The Russians and the French, on the other hand, conducted real revolutions, and we know how those went: Off went the heads of the moneyed, power elite only to be replaced by another form of despotism. It seems poor, working and middle classes can’t get a break.

  • Vox

    Don’t cut police budget
    The Police Department is the last place the city should be making any kind of budget cuts.
    The police respond responsibly, fast and knowledgeably whenever called. A town directly off of Interstate 70 has many different and necessary needs, and reducing the number of police officers certainly would put the safety of the town’s residents in jeopardy.
    The police are very visible in town, not only during the day, but evening, middle of the night and weekends.  

  • Vox

    Jobs, Apple were innovators
    I worked at Morgan Stanley, an investment banking firm at the time, when Apple Computer stock went public.
    It was an interesting event, since everyone wanted some of this new company but only Morgan Stanley’s customers could buy shares and no more than 30 shares to a customer. Employees were not allowed to purchase at the initial offering.

  • A debate within the Democratic Party is over Barack Obama’s re-election strategy: Should he run as a problem-solving pragmatist like Franklin Delano Roosevelt in 1936, a “fire-breathing liberal” to some, or as a centrist, a “Republican Lite,” like Bill Clinton in 1996?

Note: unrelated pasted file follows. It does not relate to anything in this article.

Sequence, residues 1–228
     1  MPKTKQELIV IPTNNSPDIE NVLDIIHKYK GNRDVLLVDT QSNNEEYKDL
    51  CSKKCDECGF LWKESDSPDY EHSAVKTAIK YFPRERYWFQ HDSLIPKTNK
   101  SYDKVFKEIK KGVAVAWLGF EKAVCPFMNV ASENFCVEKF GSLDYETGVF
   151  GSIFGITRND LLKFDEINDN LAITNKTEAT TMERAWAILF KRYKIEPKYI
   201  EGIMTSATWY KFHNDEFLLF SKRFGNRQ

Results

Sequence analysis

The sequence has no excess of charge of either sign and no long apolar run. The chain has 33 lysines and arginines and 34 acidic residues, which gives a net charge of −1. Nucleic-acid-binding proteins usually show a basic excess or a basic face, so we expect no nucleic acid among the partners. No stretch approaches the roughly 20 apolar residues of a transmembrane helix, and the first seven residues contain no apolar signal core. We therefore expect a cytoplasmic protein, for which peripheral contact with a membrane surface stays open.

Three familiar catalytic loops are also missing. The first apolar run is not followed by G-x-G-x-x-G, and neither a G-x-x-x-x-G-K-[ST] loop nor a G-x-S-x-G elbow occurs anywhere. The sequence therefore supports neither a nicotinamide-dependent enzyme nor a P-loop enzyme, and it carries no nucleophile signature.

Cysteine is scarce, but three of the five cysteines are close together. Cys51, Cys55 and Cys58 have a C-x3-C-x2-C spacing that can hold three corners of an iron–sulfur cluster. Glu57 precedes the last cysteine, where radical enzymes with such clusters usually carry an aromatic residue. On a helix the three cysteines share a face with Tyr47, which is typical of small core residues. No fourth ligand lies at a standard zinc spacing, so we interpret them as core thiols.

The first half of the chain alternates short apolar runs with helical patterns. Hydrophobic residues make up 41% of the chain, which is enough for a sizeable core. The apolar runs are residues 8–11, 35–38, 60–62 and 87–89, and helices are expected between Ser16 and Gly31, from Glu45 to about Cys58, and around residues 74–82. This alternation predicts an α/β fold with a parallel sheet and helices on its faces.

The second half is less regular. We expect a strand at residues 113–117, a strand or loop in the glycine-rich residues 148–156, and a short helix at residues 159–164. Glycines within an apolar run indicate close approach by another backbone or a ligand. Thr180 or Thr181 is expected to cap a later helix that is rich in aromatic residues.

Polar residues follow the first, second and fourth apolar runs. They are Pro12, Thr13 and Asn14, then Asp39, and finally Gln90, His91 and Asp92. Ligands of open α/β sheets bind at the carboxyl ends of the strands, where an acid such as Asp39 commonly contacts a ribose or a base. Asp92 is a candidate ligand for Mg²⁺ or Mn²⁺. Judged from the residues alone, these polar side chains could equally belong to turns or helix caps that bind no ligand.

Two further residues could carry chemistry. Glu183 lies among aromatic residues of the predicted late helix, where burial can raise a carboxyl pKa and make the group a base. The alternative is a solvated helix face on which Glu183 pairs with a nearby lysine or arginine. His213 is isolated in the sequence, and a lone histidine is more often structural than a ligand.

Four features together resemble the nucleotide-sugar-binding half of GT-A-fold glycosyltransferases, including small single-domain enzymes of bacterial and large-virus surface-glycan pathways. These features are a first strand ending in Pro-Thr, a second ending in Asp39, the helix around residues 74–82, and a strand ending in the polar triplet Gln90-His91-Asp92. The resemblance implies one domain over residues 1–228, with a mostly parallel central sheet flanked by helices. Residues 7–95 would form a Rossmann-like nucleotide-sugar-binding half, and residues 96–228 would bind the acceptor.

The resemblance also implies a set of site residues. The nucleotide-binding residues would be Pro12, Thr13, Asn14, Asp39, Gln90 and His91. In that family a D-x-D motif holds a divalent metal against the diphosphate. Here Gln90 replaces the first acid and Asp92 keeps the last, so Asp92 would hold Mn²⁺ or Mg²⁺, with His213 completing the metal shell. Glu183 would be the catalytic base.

While Roosevelt savored pillorying “economic royalists,” Clinton echoed Ronald Reagan and made nice with the right by announcing the end of big government.

  • Vox

    We need a vacations bill, not a jobs bill
    Sadly, it would appear President Obama has disappointed again. His obsession with creating jobs, i.e. work, flies in the face of what we liberals stand for. Remember when computer technology was predicted to deliver us a three- or four-day work week? One would have thought shipping all of our jobs overseas would have provided all the more reason to work less, not more.

  • Christians list pride as one of their seven deadly sins as if there is something debilitating about feeling good about one’s self. Taking pride in one’s self and positive ventures is the polar opposite of greed, gluttony or envy that result only in negative outcomes. 
    There’s a difference, however, between that and of being a boastful, swaggering braggart.